NBA Street Showdown REVIEW

NBA Street Showdown Review (PSP)

Take your game to the street - literally! The venerable NBA Street series makes it's debut on the PSP platform, so now you can hoop it up anywhere. Does the game lose anything in translation, or is it still the king of the arcade court?

While you shouldn't expect the same flash from the PSP version that you'd see from the PS2 or Xbox versions of the game, NBA Street Showdown still looks quite nice on the PSP's smaller screen. The colors are bold and bright, and the animations are still eye-catching. The player models themselves are a bit blockier, and have less detail than one might expect, but that's a minor issue and an understandable concession to the platform's limitations. All in all, it's a very nice looking game - especially for a handheld.

NBA Street Showdown's audio package does the job. It's nothing spectacular, but then again, it doesn't really have to be. The game sounds are solid and the ambient noises surrounding each court sound just fine. The excellent but limited soundtrack makes it over to the PSP, as well; it fits the game well and sounds very good indeed on the PSP - especially if you're using headphones. EA Pocket Trax is included, as well. With it, you can watch a visualization playing in the background while listening to the game's playlist. I have no idea why EA continues to push it's Trax so hard, or in such odd manners, but they're obviously intent on it, and it's available here for those rare individuals who wish to use it.

If you're familiar with NBA Street, then you'll have a good idea what to expect in NBA Street Showdown. Quick Play will let you match up any two NBA squads and go at it, while King of the Court is much more encompassing. Our own Clay Shaver detailed this mode in his Xbox review of NBA Street v3, so I'll simply touch upon it here. You'll create a player with a look all his own, deck him out in the gear of your choice and take him to the streets. There, you'll challenge both NBA and fictional players in different contest in an effort to "own" their court. As you progress, you'll be able to unlock new items, including shoes and throwback jerseys to further customize to player. It's fun, and since you can tackle one match at a time, it works well on the go.

There are two new mini-games unique to the PSP version of the game: Shot Blocker and Arcade Shootout. Shot Blocker is unique due to it's focus on defense, and provides for a fun diversion. You'll try to block a myriad of different shots, and the farther out you block it, the more points you'll earn. It's surprisingly addictive and a good addition for the on-the-go gamer. Arcade Shootout isn't as entertaining, but it's simple fun. Basically a version of multi-basket Pop-a-Shot, the mini-game's a decent time-killer. Party Play lets up to four players pass the PSP around and compete for the high score. NBA Street Showdown has a robust feature set for a handheld game, and that should endear it to any hoops fan.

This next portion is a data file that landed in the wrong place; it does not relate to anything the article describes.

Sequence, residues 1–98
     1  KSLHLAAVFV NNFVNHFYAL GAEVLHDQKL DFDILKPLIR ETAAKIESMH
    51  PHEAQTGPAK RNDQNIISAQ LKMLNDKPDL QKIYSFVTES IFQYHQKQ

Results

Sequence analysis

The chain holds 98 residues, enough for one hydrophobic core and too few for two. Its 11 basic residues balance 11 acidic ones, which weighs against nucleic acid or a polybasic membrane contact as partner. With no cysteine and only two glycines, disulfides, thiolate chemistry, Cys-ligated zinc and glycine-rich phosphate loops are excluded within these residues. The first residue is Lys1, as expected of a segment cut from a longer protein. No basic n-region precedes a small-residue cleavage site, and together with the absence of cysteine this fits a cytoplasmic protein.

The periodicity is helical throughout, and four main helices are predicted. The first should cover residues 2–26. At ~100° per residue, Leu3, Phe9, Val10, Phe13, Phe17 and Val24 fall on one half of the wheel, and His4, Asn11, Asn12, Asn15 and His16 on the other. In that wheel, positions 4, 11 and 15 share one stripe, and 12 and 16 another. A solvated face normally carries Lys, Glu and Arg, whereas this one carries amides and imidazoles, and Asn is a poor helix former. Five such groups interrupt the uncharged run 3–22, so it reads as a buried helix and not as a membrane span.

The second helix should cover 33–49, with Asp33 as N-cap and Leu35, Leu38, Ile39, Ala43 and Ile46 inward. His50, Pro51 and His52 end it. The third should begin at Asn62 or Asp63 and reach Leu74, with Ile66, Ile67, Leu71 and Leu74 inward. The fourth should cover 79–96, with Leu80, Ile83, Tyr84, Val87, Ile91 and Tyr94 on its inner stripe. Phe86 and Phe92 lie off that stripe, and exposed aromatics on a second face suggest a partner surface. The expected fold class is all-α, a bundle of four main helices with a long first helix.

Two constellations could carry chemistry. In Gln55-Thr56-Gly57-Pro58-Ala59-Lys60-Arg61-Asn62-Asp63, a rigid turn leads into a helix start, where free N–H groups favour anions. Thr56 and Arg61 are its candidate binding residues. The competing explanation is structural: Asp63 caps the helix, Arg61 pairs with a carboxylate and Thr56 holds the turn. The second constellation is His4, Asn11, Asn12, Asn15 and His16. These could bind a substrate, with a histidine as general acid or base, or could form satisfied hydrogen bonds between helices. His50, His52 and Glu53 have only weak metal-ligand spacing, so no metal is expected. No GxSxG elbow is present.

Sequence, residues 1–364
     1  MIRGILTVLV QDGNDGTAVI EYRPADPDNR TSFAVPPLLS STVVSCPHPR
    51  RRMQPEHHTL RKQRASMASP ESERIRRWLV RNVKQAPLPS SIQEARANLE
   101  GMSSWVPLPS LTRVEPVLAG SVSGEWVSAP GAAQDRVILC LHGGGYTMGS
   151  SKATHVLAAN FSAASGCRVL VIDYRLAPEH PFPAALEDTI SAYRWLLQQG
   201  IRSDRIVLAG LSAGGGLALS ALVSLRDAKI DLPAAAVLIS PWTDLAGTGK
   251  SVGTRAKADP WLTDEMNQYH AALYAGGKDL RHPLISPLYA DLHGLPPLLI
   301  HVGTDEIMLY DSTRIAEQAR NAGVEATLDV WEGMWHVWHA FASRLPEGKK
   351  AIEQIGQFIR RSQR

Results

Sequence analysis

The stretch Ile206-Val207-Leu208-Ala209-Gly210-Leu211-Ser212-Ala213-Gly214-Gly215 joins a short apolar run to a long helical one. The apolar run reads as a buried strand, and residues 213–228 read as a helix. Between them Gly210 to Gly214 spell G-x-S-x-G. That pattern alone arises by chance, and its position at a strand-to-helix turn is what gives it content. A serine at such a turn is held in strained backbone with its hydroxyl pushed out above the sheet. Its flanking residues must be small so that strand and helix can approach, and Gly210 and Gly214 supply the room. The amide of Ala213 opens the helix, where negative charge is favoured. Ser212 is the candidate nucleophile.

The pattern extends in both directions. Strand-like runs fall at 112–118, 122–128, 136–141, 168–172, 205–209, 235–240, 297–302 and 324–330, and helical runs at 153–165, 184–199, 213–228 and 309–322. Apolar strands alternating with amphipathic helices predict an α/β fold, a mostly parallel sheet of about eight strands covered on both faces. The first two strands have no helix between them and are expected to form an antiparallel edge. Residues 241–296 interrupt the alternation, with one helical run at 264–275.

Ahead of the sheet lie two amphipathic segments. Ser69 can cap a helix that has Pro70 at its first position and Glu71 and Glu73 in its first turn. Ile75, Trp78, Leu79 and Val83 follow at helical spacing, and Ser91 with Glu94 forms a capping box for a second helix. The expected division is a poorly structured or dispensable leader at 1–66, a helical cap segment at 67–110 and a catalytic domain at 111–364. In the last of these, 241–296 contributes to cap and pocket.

Here's where the two paths diverge. NBA Street v3 was all about the "Trick Stick" - the right analog stick and it's ability to make your player into a whirling dervish of roundball trickery. Of course, the PSP has no right analog stick… so needless to say, things have changed - and unfortunately, not for the better. Now, the square button calls for a trick, while the two shoulder buttons modify it. It's not as intuitively fun or challenging, and it gets old after a while. While you can choose to add new tricks into your repertoire, it still doesn't feel fresh, and simply timing a press of the square button removes what was an essential game play element. Controlling your player with the analog nub can be problematic as it's difficult to execute the quick cuts that are often necessary, but the D-Pad doesn't feel as smooth. There's also what appear to be a delay from the button press, especially on jump shots - the player doesn't seem to release the ball at quite the right time. This problem is overcome easily enough with time as you one gets accustomed to it, but it's still unfortunate that it's there. A quick arcade game like NBA Street Showdown has to have rock-solid controls to be truly special, and this title comes up a little bit short in this regard.

NBA Street Showdown has "Ad Hoc" play available. For those new to the PSP, "Ad Hoc" is a fancy way of saying that two PSP's have to be in the same room in order to play each other. Two units can play "pick-up" games against each other this way, but unfortunately, I was not able to test this functionality as I only had one copy of the game and no one else with a PSP nearby.

By no means is NBA Street Showdown a bad game. In fact, it's an entertaining one that faithfully carries on the NBA Street line. However, there's no getting around the slightly dumbed-down game play and the button timing issues. The mini-games are a good addition, however, and the game as a whole provides an impressive amount of depth. If you're a big fan of NBA Street and can live with the console-to-PSP translation issues, you'll probably be very satisfied. If you enjoyed the not-so-subtle chess match of trick and counter-trick, however - this one may not be for you. NBA Street Showdown is a worthy hoops title, and a solid debut - but I can't shake the feeling that Electronic Arts was capable of more, and hopefully next time around, they'll prove it.

NBA Street Showdown Score
out of 10